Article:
Originally, George Lucas had planned to film Episode 1 for about $ 60 to $ 65 million. However, the latest official reports from LucasFilm are that the budget will clock in with a final total of at least $ 115 million. Our own inside sources state the final budget will actually end up being closer to $ 150 million because the computer- generated special effects are turning out to be much, much, much more expensive to produce than I.L.M. had originally estimated. ILM plans to continue working on and perfecting the special-effects shots for Ep 1 all the way up to a few weeks before the May 1999 release. George is going to spend as much money as necessary to make Episode 1 the best possible Star Wars film.


According to our top Lucasfilm sources, Fox and Lucasfilm will spend a combined total of about $ 50 million to promote Ep 1 in North Amerca. Countless millions more will be spent by the Ep 1 product licensees to promote Ep 1 and the various Ep 1 related merchandise. The mass media (i.e., newspapers, magazines, broadcast networks, cable TV channels, etc.) will likely dedicate many hours of TV time and printed space to Ep 1 prior to its release.


Our inside sources have told us for over a year that the Episode 1 trailer will definately not be coming out until late, late 1998 (November at the earliest). This has been confirmed on several occasions by George Lucas himself (in the Star Wars Insider and at the Sminthsonian question and answer session).


Of course, Episode 1 is being directed by the creator of Star Wars, George Lucas. This is the first pic that George has directed since the original Star Wars film (1977). George has directed only three films in his distinguished career: THX-1138 (low-budget sci-fi film), American Grafitti (low-budget comedy celebrating the coming of age in 1950's America) and Star Wars (relatively low-budget "space opera"). Additionally, George served as the Executive Producer of the Empire Strikes Back, Return of the Jedi and the Indiana Jones Trilogy. In the near future, Lucas plans to serve as executive producer for Indiana Jones 4 and he plans to direct some "lower-budget" feature films in the future.


According to our inside sources, the screenplay for Episode 1 was completely penned by George Lucas, with absolutely no outside help from any other screen writer or script doctor.


Rick McCallum, who served as the producer of the Star Wars Trilogy: Special Editions and the young Indiana Jones Chronicles, was tapped by George Lucas to produce the Prequel Trilogy.


Episode I will likely be the first film to gross over $ 100 million during Memorial Day Weekend. One way to estimate the first weeks earnings of Episode 1 is to look how other blockbuster films released during Memorial Day Weekend have faired:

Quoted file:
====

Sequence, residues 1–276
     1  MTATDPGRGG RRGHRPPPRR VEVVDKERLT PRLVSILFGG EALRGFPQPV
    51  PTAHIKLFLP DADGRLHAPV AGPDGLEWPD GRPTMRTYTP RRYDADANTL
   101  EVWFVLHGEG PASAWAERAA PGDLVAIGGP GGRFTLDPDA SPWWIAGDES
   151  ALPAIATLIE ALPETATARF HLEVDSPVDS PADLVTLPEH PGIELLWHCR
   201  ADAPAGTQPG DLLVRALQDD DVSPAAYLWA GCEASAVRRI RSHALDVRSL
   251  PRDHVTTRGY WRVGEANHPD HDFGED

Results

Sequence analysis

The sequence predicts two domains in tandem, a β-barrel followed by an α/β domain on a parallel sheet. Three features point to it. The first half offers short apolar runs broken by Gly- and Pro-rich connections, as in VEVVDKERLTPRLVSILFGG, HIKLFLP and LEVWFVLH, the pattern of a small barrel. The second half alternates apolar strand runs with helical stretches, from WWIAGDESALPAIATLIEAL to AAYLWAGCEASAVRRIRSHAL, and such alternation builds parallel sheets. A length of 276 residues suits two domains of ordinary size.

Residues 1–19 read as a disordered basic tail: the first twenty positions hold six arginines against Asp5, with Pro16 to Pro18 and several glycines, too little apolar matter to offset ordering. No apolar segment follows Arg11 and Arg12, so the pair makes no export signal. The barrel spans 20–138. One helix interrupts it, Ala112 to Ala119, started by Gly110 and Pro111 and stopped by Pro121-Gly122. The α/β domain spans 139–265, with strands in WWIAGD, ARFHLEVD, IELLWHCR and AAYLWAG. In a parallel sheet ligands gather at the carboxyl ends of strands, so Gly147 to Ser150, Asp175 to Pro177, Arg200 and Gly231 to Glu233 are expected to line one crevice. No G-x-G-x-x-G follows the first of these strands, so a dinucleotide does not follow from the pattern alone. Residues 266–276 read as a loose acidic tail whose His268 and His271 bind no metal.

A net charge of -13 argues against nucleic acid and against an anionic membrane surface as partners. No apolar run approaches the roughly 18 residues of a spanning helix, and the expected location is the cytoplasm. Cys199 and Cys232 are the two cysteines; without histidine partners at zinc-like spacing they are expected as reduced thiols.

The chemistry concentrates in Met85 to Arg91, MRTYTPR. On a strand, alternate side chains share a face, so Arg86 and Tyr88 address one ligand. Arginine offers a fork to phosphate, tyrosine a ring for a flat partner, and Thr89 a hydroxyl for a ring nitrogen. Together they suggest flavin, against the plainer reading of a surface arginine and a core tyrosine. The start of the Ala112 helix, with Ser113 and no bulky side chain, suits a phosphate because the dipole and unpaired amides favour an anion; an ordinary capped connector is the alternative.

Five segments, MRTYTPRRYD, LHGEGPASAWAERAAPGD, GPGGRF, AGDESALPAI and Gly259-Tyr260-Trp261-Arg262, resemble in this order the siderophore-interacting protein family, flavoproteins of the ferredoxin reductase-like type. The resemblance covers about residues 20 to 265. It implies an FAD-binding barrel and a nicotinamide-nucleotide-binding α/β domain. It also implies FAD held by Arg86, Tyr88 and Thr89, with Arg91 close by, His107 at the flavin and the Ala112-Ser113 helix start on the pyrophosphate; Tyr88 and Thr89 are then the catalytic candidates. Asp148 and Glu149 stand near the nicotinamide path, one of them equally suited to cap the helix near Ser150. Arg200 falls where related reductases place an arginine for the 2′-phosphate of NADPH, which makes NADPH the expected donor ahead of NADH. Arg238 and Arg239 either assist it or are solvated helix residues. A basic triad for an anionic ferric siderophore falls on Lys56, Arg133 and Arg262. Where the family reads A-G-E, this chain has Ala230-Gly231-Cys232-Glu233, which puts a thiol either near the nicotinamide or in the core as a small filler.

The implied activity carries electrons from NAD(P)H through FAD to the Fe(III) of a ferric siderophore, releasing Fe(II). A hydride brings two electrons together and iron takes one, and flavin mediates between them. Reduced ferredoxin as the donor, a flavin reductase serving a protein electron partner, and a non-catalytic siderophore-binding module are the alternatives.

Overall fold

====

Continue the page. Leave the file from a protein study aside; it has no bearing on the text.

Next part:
Godzilla (Tues. 4.1 million) - (Wed. 8.4 mill) - (Thurs. 6.0 mill) - (Fri 12.7 mill) - (Sat. 17.1 mill) - (Sun. 14.7 mill) - (Mon.11.0 mill) = (Fri. to Mon. total = 55.5 mill) - (Tues. to Mon. total = 74.0) Theaters = 3,310 (1998)

The Lost World (Thurs. 2.6 million) - (Fri. 21.6 mill) - (Sat. 24.4 mill) - (Sun. 26.1 mill) - (Mon.18.0 mill) = (Fri. to Mon. total = 90.1 mill) - (Thurs. to Mon. total = 92.7) Theaters = 3,281 (1997)

Mission: Impossible (Tues. 3.4 million) - (Wed. 8.4 mill) - (Thurs. 6.3 mill) - (Fri 13.1 mill) - (Sat. 16.7 mill) - (Sun. 15.6 mill) - (Mon.11.4 mill) = (Fri. to Mon. total = 56.8 mill) - (Tues. to Mon. total = 74.9) Theaters = 3,012 (1996)

The largest one day gross in box-office history was the $ 26.1 million earned by The Lost World on its first Sunday. It is safe to assume that Ep 1 will surpass this figure on its first Sunday of release. Here is an estimate of how Episode 1 will do in its first week of full release in North America:

SW: Episode 1 (Tues. 20.2 million) - (Wed. 22.4 mill) - (Thurs. 23.5 mill) - (Fri 25.7 mill) - (Sat. 31.5 mill) - (Sun. 33.0 mill) - (Mon. 23.0 mill) = (Fri. to Mon. total = 113.2 mill) - (Tues. to Mon. total = 179.3 mill) Theaters = 3,750 (1999)

While most films that open on a Tuesday generally will only provide a sneak preview in some theaters, LucasFilm is planning a full release on over 7,500 theater screens because the first-day demand for Episode I will be greater than any other film in history (and that's an understatement to say the least) . . . start standing in line now.

Episode 1 should make approximately $ 180 million during its first week of release.